C-suite career advice: Andres Angelani, Softvision

How important are specific certifications? "I prefer to see product than paper. Show me what you did and that will open doors."

Name: Andres Angelani

Company: Softvision

Job Title: CEO

Location: Austin, TX

Andres Angelani is the CEO of Softvision and the driving force behind Softvision's next level of growth and development. Prior to Softvision, Angelani was one of Globant's pioneers, having served as the Chief Solutions Officer. Angelani is a frequent speaker and thought leader on how to scale digital innovation in organizations. He is a recognized speaker at Agile Business Conference, Insight Innovation eXchange North America, the Omni-Channel Retail Conference, the Chief Strategy Officer Summit, SXSW Interactive and Zend Con. He also co-authored a book titled The Never-Ending Digital Journey: Creating New Consumer Experiences Through Technology and is currently working on his second book to be published in 2018.


What was the most valuable piece of career advice that you received? Get the best talent you can get, and inspire them with a big vision, living up to your promises. Set examples.

What was the worst piece of business advice that you received? To scale a business implies more and better processes, instead of better people, great communication channels and agile decision making.

What advice would you give to someone starting their career in IT? Stay relevant and learn to articulate what you're thinking, why and how. Engineers are seldom good communicators and this limits your potential.

Did you always want to work in IT? No. I wanted to be a concert pianist, and a music composer. I also wanted to be a mathematician… ;)

What was your first job in IT? I designed and developed a file management software system for my local town-hall when I was 12.

What are some common misconceptions about working in IT? That it is a geeky, nerdy environment where analytical people find their space. It may be on the surface, but it is much more than that: lots of creative people use technology to change the world. So it's a place where you can make a huge difference.

What tips would you give to someone aiming for a c-level position? Creativity separates the good from the great. Getting a c-level role means that you've produced real, meaningful and quantifiable results. Unless you are a political mastermind and can get there influencing others, but that's rare and most times short-lived.

What are your career ambitions and have you reached them yet? Design an organization that is the best platform for people to develop and evolve their careers. We are getting there.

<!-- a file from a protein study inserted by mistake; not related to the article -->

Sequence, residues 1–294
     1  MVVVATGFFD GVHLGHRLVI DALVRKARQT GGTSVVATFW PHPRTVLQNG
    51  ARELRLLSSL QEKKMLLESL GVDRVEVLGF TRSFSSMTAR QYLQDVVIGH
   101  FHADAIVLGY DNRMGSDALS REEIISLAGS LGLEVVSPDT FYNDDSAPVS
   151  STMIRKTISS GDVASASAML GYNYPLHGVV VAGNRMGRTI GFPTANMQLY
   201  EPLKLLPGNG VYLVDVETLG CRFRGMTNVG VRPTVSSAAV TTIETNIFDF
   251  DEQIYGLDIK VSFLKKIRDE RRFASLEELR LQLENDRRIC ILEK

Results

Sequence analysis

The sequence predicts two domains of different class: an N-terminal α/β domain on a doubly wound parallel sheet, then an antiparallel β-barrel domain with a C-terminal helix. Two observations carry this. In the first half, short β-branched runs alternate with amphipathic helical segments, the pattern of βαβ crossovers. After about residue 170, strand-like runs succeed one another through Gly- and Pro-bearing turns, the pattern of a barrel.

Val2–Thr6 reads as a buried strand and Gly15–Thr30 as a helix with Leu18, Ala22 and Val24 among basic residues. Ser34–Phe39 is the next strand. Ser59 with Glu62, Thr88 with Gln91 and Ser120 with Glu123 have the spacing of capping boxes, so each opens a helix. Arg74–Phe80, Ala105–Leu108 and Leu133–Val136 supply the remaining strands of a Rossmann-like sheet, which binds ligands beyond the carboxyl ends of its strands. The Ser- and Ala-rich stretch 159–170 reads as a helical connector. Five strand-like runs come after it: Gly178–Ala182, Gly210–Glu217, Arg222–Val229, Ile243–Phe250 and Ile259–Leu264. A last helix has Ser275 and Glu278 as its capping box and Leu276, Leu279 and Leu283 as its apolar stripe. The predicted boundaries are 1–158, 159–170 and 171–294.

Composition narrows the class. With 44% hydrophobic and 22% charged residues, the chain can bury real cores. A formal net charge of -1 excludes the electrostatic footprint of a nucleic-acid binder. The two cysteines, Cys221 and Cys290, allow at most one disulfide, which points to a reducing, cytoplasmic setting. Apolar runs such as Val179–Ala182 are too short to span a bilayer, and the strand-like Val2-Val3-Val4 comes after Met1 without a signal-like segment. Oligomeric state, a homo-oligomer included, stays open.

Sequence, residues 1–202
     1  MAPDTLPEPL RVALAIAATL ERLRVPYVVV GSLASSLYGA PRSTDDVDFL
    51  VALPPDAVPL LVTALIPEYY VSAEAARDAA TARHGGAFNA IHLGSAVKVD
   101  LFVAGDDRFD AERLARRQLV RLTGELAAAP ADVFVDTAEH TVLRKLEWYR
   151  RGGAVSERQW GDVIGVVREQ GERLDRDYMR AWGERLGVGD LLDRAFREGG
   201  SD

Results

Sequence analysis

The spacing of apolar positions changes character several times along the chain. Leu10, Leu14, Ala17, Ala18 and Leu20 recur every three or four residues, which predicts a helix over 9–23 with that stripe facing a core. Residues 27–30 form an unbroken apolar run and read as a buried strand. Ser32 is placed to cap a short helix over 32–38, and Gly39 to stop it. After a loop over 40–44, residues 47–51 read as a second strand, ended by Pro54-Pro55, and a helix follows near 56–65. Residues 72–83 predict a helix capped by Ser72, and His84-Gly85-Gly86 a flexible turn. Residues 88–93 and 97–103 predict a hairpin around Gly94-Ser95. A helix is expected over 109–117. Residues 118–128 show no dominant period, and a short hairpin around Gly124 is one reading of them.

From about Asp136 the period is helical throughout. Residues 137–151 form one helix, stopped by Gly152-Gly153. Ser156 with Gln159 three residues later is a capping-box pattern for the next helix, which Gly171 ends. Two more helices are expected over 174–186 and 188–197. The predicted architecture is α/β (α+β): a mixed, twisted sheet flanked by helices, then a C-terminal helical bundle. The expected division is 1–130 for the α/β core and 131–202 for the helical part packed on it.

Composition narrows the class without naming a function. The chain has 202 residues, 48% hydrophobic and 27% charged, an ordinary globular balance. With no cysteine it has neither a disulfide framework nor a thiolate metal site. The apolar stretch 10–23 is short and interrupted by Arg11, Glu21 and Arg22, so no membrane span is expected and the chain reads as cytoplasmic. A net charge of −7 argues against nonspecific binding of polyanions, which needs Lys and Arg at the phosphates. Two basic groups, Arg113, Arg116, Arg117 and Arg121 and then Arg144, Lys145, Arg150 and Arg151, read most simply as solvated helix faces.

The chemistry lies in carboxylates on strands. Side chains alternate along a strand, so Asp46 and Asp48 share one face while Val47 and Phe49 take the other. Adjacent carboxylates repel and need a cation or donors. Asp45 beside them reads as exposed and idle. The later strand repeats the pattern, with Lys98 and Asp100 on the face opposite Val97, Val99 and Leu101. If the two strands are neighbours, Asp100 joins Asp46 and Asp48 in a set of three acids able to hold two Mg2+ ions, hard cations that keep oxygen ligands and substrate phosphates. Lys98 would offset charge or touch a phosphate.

Do you have a good work life balance in your current role? A work a lot; I like it and I need to work. I don't believe in the term ‘work life balance', I think it's cliché. When we work, we also live. Work is uniquely human and it makes us better people.  A decent job can challenge us but can also dignify us. Work can be fun, can be happy, and can have tough moments… just like life.

What, if anything, would you change about the route your career path has taken? I wouldn't change a thing… it is what it is. No need to look back unless you have a time machine. Look forward.

Which would you recommend: A coding bootcamp or a computer science degree? A coding bootcamp

How important are specific certifications? I prefer to see product than paper. Show me what you did and that will open doors.

What are the three skills or abilities you look for in prospective candidates? 

  • Adaptability -- Change is a constant in our industry, technology grows in spurts, it's important that people get this and move forward
  • Good communication -- Speak your mind but do it thoughtfully
  • Passion -- Through an emotional connection you can motivate a peer, a boss and your clients. Passion is contagious, and it moves crowds

What would put you off in a candidate? Apathy -- If the candidate doesn't believe that you can make a difference then he/she won't.

What are the most common mistakes made by candidates in an interview? How can those mistakes be avoided? Not asking good questions about the company or the role; do some research and prepare before the interview. Over-selling achievements and capabilities; be confident and fair about your strengths and areas where you will need help or you need time to develop.

Do you think it is better to have technical or business skills - or a mix of both? A mix of both. Technology without an application context does not really matter to anyone. What problems does that technology solve, in which business context? And very importantly: Why, How and When?